LAKELAND - While many daycares in the Lakeland region report keeping their doors open on Jan. 30, several daycare centres in Alberta were closed as an act of protest due to challenges posed by the Alberta child care affordability grant.
The grant is made possible through a federal-provincial childcare agreement. Through the agreement, $3.8 billion will be invested in childcare for children up to kindergarten-age and $2.865 billion is being used to lower childcare fees for Alberta parents.
But there have been issues with the program and childcare providers are feeling the pinch financially. The crisis has prompted a campaign that aims to highlight the insufficiency of funds allocated to daycares.
“The Affordability Grant program has caused severe financial strain for many operators across the province, and the government has not yet offered a solution or listened to those that we propose,” according to The Association of Alberta Childcare Entrepreneurs.
In light of these challenges, the association emphasizes the necessity of the ongoing protests to make a statement. “We have no choice but to begin taking further action, and as such, many centers across Alberta will initiate rolling closures, with the first being Jan. 30, 2024.”
Most daycare centres in Cold Lake, Bonnyville, and St. Paul chose not to participate in the rolling closures. And a daycare owner in Bonnyville says she has no alternative but to keep her establishment operational, despite the challenges.
Uta Squire, owner of Happy House Daycare in Bonnyville, laid out the financial challenges she faces, stating, “I only have $12,000 to work with at the beginning of the month to pay rent, mortgage, utilities, and make sure I have enough money for the first payroll.” This financial shortfall has resulted in difficulties meeting the payroll of her 48 staff members.
But Squire knows the repercussions of closing her daycare would be huge.
“Am I going to leave 48 staff with no job? Am I going to hurt the community and close my doors and 500 families do not have childcare? How is that going to impact our community? It's not just an impact, it's going to severely impact our community. So, I'm better off to stay open.”
Acknowledging her limited options, Squire says she will “Bite the bullet, try to save my pennies, try to squeeze whatever I can do to make it worthwhile and pray that the government will do something for childcare.”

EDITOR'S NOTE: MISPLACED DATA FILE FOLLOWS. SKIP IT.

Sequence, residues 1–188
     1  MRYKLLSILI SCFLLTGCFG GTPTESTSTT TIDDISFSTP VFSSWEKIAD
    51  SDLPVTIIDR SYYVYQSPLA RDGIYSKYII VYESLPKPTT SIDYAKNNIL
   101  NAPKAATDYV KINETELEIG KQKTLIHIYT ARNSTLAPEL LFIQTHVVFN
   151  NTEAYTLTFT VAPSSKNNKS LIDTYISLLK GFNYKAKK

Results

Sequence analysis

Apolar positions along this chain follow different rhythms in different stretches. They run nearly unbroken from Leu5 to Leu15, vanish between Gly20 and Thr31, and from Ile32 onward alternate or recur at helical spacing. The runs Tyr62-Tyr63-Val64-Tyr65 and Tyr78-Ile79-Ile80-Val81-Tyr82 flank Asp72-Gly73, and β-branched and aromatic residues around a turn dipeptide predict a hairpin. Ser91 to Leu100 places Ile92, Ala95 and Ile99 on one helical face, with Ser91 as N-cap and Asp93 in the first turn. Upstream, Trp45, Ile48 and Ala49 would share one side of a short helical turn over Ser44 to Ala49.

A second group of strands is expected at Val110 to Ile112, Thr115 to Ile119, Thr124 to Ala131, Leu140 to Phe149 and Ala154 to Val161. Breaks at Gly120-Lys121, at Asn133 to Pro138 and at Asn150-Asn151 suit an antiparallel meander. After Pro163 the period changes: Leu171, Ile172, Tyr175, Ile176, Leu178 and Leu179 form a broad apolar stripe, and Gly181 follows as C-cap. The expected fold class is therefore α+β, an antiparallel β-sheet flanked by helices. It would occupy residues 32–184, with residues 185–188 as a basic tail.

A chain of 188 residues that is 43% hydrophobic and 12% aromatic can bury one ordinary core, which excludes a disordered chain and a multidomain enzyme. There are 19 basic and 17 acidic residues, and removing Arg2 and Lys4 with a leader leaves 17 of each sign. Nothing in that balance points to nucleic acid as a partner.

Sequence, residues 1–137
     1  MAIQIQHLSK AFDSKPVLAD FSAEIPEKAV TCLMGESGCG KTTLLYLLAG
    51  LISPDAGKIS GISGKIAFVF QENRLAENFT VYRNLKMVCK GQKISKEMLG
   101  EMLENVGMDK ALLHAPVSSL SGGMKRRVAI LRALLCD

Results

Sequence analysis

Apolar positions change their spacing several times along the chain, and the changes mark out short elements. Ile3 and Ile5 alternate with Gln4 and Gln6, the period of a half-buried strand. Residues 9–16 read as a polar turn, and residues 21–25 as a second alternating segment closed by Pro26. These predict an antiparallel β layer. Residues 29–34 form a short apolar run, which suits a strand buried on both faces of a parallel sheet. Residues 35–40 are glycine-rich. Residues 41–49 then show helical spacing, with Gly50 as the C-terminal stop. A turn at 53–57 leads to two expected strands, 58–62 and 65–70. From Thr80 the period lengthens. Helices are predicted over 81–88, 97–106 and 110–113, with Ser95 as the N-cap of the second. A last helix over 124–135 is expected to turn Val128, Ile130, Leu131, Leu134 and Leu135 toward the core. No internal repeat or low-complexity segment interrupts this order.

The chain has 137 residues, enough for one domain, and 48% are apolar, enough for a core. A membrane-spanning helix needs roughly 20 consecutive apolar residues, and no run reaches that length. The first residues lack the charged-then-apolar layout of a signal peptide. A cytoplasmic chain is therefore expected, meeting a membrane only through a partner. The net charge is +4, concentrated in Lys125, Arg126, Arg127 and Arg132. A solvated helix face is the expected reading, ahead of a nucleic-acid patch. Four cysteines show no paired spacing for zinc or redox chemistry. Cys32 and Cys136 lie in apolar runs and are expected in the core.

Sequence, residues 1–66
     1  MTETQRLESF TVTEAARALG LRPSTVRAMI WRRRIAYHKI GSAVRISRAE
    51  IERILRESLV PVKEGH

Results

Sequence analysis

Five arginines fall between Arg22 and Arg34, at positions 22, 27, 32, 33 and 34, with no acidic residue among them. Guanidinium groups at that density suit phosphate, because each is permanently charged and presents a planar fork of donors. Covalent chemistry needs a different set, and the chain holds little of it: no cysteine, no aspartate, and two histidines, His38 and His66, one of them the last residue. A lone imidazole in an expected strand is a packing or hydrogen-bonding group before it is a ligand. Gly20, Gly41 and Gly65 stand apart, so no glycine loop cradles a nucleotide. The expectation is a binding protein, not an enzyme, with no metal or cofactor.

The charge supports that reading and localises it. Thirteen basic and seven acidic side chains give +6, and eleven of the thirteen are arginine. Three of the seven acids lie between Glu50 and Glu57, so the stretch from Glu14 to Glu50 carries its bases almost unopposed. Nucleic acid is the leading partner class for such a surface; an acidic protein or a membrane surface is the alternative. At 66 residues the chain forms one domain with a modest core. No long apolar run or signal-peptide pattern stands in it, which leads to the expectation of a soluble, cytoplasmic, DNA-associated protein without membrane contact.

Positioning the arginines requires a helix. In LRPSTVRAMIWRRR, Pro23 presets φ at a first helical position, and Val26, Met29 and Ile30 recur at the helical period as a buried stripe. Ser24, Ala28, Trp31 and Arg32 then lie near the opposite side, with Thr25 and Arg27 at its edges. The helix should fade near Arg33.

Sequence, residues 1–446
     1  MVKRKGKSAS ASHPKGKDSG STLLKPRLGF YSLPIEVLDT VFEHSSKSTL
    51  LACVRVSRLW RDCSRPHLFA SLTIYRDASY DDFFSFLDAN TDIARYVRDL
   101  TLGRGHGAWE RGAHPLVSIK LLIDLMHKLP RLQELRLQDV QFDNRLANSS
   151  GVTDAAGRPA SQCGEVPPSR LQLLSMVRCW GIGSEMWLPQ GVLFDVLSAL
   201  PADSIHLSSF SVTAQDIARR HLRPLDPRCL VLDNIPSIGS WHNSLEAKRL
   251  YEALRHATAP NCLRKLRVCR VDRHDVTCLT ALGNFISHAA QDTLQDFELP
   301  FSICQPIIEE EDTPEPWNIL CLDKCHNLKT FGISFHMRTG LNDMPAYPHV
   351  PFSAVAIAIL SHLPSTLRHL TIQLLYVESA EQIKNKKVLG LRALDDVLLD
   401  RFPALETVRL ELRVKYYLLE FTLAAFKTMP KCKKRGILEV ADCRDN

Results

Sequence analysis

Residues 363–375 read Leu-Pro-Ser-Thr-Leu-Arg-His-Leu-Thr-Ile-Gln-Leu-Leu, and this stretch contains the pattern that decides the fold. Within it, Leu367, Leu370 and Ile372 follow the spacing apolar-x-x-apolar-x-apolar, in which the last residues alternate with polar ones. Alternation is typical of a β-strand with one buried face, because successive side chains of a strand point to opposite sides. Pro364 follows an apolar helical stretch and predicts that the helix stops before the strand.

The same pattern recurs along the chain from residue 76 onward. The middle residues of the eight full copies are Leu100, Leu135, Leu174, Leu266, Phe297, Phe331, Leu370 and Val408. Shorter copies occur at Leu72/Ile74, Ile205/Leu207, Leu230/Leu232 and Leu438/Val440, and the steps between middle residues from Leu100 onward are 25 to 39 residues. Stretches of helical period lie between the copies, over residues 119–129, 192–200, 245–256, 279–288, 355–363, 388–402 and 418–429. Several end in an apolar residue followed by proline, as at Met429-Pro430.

Reassuring local parents, Squire states, “I have good, qualified educators that put their heart and soul into their job. So just because funding is tight doesn’t mean they're going to neglect the children.”
Elk Point’s Play2Learn Daycare also kept its doors open last week.
“We understand that there is a need for daycare in our small community so families can go to work, and we are full in every classroom,” owner at Play2Learn Katelynn Caron says. “We have a wait list for full-time spots so it was important for us to stay open and operating as per usual.”
However, “Since the new affordability grant started in January, we definitely struggled to get through the month. We had to cut back on supplies and watch our spending. Going into February, we have very little money while waiting for the government money to come in, and bills will have to be paid late.”
Caron acknowledges that the grant is “a great thing for the families, yes, but it sure isn’t great for the centre itself when we are waiting for the government money to come in so we can finally pay bills.”
Caron has been with Play2Learn since 2011 and took over the operation from Melanie Poulin about two years ago. Poulin started the daycare 2009 and transitioned to a not-for-profit centre, officially launching Play2Learn Child Care Ltd. in 2018.
Play2 Learn was one of the Alberta daycares to take part in the province’s three-year, $25 per day pilot project launched in 2017 to provide affordable care.
Poulin, now living in BC, says she knows daycares struggle to make ends meet.
“The expenses the daycare incurs, and needs to pay at the first of the month, such as payroll, food, rent and utilities, need to be covered. You’ll have people quitting. That’s why (daycare operators) need emergency operating loans, because the operators have to invoice the government for the funds that make the space affordable for families. Although the government has allotted the funds to make daycare affordable to parents, they handcuff the providers to increase daycare rates to cover expenses." She adds, "In theory, this will work, but the government leans heavily on providers to bridge the gap. That’s the issue.”
The goal of the childcare agreement was to have average licensed childcare fees lowered to $15 per day by 2023-24 and a further reduction to $10 per day by 2025-26, according to the Government of Alberta.
The program also ensures families have options that suit their needs, including creating new spaces, supporting licensed childcare providers, and allowing flexibility for drop-in or overnight childcare.
A statement provided by Minister of Children and Family Services Searle Turton says the province stands firmly behind childcare operators, recognizing their challenges. “Childcare operators have my full support, and I recognize the difficult situation they are in,” said Turton.
“The Premier will be requesting a meeting with the federal minister to discuss this further and to urge the federal government to consider changes to the framework that would support operators facing inflationary pressures,” adds the minister.
“Affordability is a major concern for all Albertans right now. Our priority must be ensuring an affordable and sustainable childcare system for operators and families,” says Turton.
*With files from Vicki Brooker